Tuesday, February 19, 2008


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I have been reading some of Mark Hobson’s posts at The Landscapist, and he has posted some very useful information for making a photo book. His choice among the POD printers is Shutterfly. Ding! I had completely put out of my mind the fact that a little over a year ago I ordered a book from Shutterfly. It wasn’t wonderful, but that was pretty much all my fault. I have learned a great deal since then—that seems like a long time ago. Besides, on that occasion, I simply used their templates, and I wouldn’t do that again. Still, I have some experience with that setup, and this would save me the angst of searching for the right printer and familiarizing myself with another printer’s format. I also found very appealing Mark’s suggestion to simply do the layout in Adobe Photoshop, forget learning another program, and feel free to keep the text to a minimum. Hooray! I’m in favor of all that. Perhaps, my favorite part of Mark's posts were his advice to keep it simple. All too frequently, I forget that old wisdom, KISS—Keep It Simple, Stupid.

The idea of getting 35 shots I can bear to have printed in a book is still intimidating. Plus, I will have to lay the book out page by page in Photoshop—I stopped with Adobe Pagemaker (that was way back) and never made my peace with InDesign. I can save that challenge for next year. Nevertheless, I feel encouraged. Now, if the theme I have in mind just holds up to scrutiny and we ever sell our house—and we ever move, and I ever have time to pick a camera again!

Monday, February 18, 2008

That Blasted Hourglass

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Some people (Let’s face it women, mostly. Because, over all, we do more housework than men do. ) talk about housework being conducive to a meditative state. After all, you don’t burn a lot of brain cells dusting and scrubbing. The greatest percentage of your mind is free to wander.

Lately, I have been doing A Lot of housework and my mind is wandering in ways that are not necessarily productive. Now, some of the woolgathering is devoted to soul-stirring images of life in Bear Valley. Pictures of sunsets replete with breathtaking clouds swimming in shimmering golds, hawks swooping down in the meadow grass just beyond our back door, deer wandering across our pasture land and stopping to graze, our horses gamboling in the field with the Tehachapi’s as a backdrop—pretty sweet stuff. On the other hand, some stuff creeps into my head that is not so comforting. Lately, one image that returns all too frequently is that of the blasted hourglass of time. (Natuarlly, this is partially connected to The Book. SoFoBoMo, that is.) But, here’s what’s troubling. That sand in my hourglass isn’t passing through to the bottom slowly and smoothly, as it should. The darned thing is functioning more like a funnel—and I’m talking about a biiiig funnel—one you would use for flour, or rocks, for crying out loud.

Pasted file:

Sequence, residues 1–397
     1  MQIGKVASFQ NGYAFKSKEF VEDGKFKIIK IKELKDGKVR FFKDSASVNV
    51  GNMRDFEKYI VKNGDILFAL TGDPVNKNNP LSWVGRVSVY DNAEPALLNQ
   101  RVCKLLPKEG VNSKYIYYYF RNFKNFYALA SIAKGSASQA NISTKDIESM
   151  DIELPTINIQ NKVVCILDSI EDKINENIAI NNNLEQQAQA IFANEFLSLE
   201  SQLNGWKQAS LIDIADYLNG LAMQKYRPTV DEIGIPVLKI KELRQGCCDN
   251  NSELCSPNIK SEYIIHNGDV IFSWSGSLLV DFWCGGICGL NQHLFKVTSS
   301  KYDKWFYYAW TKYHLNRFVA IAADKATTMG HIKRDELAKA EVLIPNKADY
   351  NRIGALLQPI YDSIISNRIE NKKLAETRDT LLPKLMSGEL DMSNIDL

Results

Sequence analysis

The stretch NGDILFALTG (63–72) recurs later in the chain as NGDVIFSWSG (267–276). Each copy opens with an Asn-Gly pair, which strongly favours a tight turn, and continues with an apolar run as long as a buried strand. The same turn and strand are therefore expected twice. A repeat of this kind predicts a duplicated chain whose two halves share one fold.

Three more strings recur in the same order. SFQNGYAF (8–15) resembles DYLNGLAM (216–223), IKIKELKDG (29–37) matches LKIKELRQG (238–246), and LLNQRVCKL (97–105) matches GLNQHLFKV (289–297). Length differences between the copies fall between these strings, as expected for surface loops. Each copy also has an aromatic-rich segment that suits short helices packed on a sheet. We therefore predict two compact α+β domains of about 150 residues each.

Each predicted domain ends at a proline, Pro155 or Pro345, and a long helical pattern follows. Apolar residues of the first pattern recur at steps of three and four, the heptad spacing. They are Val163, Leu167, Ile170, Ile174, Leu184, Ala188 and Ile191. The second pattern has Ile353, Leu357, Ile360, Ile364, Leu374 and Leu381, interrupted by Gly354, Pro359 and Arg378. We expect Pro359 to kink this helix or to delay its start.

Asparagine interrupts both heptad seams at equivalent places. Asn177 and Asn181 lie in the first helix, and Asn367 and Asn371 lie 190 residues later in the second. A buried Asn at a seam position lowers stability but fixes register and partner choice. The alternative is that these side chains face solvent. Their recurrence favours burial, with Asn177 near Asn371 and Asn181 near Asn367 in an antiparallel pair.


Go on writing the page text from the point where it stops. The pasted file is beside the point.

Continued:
Sunday, February 17, 2008

SoFoBoMo Dreams—or Nightmares

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Hard as I try to stay focused on cleaning the house (our realtor comes Tuesday morning and she is a tough grader), my mind keeps drifting to thoughts of photo books. Of course, I pretty much need a theme I can shoot in our new home in Bear Valley. By April 1, the date the SoFoBoMo season opens, we expect to be moving, or at least spending a great deal of time at our new place. Choosing a theme that tied me to my current area would be awkward, to say the least. I have tried to come up with a theme that capitalizes on the current chaos in my life, but so far, nada. More than once, I have “settled” on a theme, then picked at it a couple of days, and discovered it doesn’t hold up for me.

Yesterday, as I cleaned and listened to rock music from of the “British Invasion” on FM, my mind wandered as usual to the photobook, and I hit on another idea. (Must have been The Stones or maybe it was The Animals. Hmm. One of those themes might work in Bear Valley. No, not really.) Now, let’s see if this idea lasts more than two or three days. I’ll give it a few days before saying it out loud. In the meantime, I have been spending every second I can excuse from work reading the blogs of other participants. Everyone is incredibly generous with information and research. I am rapidly learning that the best part of this entire project is being a tiny, tiny piece of this great group-adventure. While I am nearly paralyzed with fear about this thing, I know I am going to learn so much that it will be worth the scare.
Several bloggers are posting useful information about the SoFoBoMo challenge. I have already mentioned Paul Butzi (The Instigator) and Doug Stockdale, who generously shares his thoughts about his own journey. In the last couple of days, Colin Jago has posted a list of all the participants with links and John Seltzer has created a new blog dedicated to SoFoBoMo, complete with a blogroll including all who have accepted the challenge. A great big "thank you" to all the guys who contribute so much. Of course, now any hopes I may have harbored about slinking along the edges of this, blessedly unnoticed, have gone up in smoke. John's new site is titled, "Tell The World". Now, it's official. If I make a fool of myself, the whole world will know.